Benefit #3: Understand People Better

Charlie thinks that clowns are terrifying because he read Stephen King’s It when he was a teenager. Pat thinks that clowns are lovable because she has fond memories of them from childhood.

Tristan thinks that business tax rates should be lower because more jobs would be created as a result. Agatha thinks that gun control laws should be stricter because her sister was shot and killed five years ago. Diego doesn’t believe in God because he believes that science indicates that there’s no necessity for a creator.

In addition to understanding other views better, you’ll get a better grasp on people—what they care about and why. This refers to psychology in a general sense—getting to know what makes people tick. It also refers to individual people—getting to know a particular person on a deeper level.

In The Great Mental Models Vol. 2, Rhiannon Beaubien and Shane Parrish write that, if you disagree with someone, try to figure out why they see things that way. Doing so can expand your horizons, improve your relationship with the other person, and cause them to reciprocate by taking your perspective into account.

Best-selling author Malcolm Gladwell, in his book Talking to Strangers, cautions that there’s no perfect strategy for interpreting a person’s thoughts and intentions. Be careful and attentive when conversing with people, especially people you don’t know well. Don’t jump to conclusions about someone based on thin evidence.

The more experience you get with social media debates, the more knowledgeable and skilled you’ll be in regard to people. Do it well, and your emotional intelligence will go up!

Reap Benefits From a Safe Distance

When it comes to benefits #2 and #3, you don’t even have to wade into the potentially shark-infested waters of social media debates by adding your viewpoint. Rather than comment, you can just read. You can learn new information and get a glimpse into the minds and hearts of people you know and people you don’t know.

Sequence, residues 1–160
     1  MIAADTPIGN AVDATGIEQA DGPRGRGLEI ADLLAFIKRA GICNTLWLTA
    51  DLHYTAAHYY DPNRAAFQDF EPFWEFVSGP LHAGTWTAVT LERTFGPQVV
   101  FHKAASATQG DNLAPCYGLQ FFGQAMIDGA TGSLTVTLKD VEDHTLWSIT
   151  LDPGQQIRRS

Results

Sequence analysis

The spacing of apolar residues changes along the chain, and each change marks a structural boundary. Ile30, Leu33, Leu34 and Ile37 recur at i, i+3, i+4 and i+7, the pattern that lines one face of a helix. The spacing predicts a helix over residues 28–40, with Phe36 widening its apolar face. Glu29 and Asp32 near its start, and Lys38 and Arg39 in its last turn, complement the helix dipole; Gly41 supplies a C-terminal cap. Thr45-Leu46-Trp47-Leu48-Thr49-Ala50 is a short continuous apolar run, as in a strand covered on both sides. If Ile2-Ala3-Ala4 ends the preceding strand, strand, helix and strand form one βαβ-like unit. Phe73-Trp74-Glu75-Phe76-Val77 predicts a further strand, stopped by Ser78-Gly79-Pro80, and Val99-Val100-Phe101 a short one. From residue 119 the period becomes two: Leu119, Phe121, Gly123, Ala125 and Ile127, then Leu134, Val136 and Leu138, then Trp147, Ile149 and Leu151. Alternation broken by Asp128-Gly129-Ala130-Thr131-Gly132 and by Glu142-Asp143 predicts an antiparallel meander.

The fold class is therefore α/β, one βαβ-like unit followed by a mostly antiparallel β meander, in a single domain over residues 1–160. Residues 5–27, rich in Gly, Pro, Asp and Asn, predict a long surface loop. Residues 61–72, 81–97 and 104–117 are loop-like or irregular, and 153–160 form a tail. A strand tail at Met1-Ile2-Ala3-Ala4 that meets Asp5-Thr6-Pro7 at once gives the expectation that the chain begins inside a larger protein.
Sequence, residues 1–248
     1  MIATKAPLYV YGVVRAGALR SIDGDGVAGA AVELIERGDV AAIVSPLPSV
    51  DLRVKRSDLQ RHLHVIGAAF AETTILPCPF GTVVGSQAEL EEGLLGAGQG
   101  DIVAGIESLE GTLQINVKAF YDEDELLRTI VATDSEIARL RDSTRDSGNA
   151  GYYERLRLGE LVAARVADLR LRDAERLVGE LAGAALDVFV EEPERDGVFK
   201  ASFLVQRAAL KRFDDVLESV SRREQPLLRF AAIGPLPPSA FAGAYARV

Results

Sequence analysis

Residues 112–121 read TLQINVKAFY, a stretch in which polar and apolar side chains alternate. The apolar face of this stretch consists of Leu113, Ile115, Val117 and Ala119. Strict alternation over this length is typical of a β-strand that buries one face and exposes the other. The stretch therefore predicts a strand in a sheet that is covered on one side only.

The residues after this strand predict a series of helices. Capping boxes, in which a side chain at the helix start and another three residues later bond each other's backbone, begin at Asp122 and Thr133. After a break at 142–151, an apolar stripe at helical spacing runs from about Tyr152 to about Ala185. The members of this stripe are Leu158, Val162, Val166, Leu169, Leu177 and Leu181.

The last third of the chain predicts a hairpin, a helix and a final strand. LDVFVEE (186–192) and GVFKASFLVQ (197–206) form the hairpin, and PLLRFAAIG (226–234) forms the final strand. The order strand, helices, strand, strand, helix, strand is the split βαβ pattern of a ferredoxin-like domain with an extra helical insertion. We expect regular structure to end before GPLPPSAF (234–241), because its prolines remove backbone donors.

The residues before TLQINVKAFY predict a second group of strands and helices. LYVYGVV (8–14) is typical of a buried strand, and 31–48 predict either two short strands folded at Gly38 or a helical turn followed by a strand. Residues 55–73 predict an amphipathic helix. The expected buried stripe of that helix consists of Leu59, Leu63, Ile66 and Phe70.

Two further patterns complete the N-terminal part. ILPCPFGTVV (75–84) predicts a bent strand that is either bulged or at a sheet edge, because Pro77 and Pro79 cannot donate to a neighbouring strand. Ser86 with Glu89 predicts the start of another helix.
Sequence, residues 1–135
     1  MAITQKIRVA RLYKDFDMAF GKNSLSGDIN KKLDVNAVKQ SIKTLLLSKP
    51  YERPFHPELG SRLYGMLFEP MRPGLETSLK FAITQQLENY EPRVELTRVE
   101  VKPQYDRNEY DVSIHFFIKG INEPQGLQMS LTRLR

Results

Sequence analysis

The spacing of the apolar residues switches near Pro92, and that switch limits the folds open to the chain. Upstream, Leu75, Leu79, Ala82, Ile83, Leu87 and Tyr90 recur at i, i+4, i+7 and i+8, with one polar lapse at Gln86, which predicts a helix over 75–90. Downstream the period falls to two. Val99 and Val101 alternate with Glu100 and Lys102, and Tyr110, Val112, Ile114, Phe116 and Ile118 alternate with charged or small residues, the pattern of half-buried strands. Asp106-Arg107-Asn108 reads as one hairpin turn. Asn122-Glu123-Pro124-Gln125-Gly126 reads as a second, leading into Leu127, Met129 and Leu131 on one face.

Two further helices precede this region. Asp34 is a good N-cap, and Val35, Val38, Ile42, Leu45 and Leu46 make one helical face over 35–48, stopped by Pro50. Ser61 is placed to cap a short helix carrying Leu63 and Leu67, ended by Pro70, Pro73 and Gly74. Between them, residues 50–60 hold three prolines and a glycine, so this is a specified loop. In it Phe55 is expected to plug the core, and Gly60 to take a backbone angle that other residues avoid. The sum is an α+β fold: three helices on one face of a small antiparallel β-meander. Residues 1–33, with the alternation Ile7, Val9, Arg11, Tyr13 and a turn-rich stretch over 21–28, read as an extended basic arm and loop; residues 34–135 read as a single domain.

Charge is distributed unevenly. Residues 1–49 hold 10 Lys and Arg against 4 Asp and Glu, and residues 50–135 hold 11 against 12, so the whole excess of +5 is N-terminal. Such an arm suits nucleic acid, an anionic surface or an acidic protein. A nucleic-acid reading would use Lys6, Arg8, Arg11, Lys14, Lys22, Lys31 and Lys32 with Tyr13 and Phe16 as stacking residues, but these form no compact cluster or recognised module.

4 Tips for Engaging in Social Media Debates

Let’s look at four tips for engaging in social media debates: define “victory” wisely, practice classical tolerance, leverage your emotions rather than let them get the best of you, and stand corrected when needed.

Tip #1: Define “Victory” as “Progress”

Philosopher of science Karl Popper said that “the aim of argument should not be victory but progress.” But, that depends on how you define “victory.” What if you define “victory” as “progress”?

It’s tempting to think that you win a debate if you change someone’s mind and convince them of your way of thinking. Taking the above benefits of debate into account, rethink what it means to win. If you clarify and articulate your views, understand other views better, and understand people better, you win. You benefit. You come out ahead.

It’s important to note that you’re not necessarily coming out ahead of your debate opponent. That’s not the most constructive way to think about it. Here are the most meaningful elements to evaluate:

  • Your understanding of the issue and its various arguments
  • The soundness of your argument
  • The effectiveness of your communication
  • Your understanding of your opponent (why they believe what they believe)
  • The way you handle yourself
  • The way you treat your opponent

For these elements, do a “How it started / How it’s going (How it went)” comparison. Do you see progress? If so, celebrate your victory.

Tip #2: Practice Classical Tolerance

Classical tolerance is egalitarianism toward people and elitism toward ideas. It’s regarding people as equals while recognizing that some ideas are better than others.